Australia’s macadamia crop is predicted to reach 50,770 tonnes in-shell at 3.5 per cent moisture (54,440 tonnes in-shell at 10 per cent moisture) over the 2021 season.
New forecasts were produced using scientific modelling developed by the Queensland Department of Agriculture and Fisheries and funded by Hort Innovation.
Jolyon Burnett, chief executive of the Australian Macadamia Society, said this season’s growing conditions have been more favourable than the ones that produced a 2020 crop of a crop of 46,900 tonnes in-shell at 3.5 per cent moisture. Although there are some variances from region to region.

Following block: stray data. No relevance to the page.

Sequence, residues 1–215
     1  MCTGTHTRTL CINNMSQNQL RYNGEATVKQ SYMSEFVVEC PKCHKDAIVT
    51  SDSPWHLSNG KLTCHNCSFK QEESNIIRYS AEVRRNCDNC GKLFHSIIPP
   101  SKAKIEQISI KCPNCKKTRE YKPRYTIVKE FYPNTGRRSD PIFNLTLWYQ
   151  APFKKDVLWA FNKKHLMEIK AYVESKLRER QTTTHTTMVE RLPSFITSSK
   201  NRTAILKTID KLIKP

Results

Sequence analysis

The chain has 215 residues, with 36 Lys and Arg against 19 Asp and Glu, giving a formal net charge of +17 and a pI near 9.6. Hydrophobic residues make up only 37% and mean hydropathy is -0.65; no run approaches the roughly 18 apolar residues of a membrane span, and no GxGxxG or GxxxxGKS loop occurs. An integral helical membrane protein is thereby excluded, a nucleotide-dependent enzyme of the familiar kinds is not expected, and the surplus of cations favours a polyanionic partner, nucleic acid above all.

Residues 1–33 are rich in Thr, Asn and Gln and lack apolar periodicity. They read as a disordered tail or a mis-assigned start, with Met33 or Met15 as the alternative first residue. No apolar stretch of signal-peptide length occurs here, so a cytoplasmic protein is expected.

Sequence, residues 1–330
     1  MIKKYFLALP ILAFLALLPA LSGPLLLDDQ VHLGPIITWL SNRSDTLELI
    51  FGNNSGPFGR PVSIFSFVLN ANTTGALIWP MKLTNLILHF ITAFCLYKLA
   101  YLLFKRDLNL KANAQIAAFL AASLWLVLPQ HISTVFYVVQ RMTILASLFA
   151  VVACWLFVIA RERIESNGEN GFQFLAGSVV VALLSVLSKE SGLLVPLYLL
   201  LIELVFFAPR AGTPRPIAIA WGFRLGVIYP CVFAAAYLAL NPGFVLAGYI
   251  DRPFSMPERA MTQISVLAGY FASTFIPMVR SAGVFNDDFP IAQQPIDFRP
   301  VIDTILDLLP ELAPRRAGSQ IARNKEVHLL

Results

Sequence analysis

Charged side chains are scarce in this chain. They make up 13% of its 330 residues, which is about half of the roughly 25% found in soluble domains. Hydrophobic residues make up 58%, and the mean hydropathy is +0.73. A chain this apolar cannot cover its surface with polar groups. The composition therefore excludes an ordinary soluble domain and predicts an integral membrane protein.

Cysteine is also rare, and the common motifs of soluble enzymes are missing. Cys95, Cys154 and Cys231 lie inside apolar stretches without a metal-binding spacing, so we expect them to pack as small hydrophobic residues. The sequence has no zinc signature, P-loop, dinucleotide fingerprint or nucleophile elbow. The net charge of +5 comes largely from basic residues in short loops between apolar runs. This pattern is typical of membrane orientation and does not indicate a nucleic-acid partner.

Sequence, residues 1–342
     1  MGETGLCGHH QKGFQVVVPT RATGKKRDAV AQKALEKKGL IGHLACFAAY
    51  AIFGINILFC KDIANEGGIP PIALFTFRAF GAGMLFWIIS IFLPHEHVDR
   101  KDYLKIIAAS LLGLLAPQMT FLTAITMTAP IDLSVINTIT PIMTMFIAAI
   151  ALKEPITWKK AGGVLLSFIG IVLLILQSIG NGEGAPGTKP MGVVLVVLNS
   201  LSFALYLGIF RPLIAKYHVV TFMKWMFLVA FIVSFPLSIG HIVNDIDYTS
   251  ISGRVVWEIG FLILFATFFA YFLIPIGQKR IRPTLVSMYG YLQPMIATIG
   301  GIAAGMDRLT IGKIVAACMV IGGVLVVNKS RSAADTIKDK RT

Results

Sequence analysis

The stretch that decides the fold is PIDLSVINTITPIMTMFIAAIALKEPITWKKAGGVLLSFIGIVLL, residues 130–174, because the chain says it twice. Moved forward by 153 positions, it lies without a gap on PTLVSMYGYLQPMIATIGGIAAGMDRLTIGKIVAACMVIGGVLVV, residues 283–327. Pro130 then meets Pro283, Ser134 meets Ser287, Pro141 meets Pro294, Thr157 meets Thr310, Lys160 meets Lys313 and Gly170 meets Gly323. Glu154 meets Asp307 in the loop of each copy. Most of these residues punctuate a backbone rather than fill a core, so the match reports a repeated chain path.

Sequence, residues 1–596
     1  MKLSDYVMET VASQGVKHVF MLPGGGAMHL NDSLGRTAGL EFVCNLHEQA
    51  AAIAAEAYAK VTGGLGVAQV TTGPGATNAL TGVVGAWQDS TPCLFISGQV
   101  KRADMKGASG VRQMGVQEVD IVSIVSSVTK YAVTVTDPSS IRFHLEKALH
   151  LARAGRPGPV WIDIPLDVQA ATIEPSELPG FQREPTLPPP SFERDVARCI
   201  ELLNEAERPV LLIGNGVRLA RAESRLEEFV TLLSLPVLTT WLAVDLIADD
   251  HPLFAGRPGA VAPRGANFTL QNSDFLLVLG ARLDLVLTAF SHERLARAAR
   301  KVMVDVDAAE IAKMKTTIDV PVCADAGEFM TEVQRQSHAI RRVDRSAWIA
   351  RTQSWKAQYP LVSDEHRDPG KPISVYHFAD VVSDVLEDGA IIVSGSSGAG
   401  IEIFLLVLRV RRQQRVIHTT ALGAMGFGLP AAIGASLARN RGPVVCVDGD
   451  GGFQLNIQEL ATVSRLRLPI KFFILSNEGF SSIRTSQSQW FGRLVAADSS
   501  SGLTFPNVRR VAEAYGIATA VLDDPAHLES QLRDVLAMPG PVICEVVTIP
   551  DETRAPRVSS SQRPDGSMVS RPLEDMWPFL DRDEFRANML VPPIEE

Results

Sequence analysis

“Some farms are still being affected by dry conditions, but others are performing well,” said Burnett.
“Large growing regions, like the Northern Rivers, have experienced good rainfall over the season, and overall, nut size is bigger in most regions, although thicker shells are likely to reduce kernel recoveries.”
Burnett said in the largest producing region of Bundaberg, some varieties have experienced poor nut set compared to 2020.
“This is likely to be offset by young trees coming into production in the Bundaberg and surrounding regions,” he added.
The model-based forecast is an early estimate and will be further refined as the harvest gets underway in the coming weeks and months. A mid-season crop report will be provided in May/June 2021.
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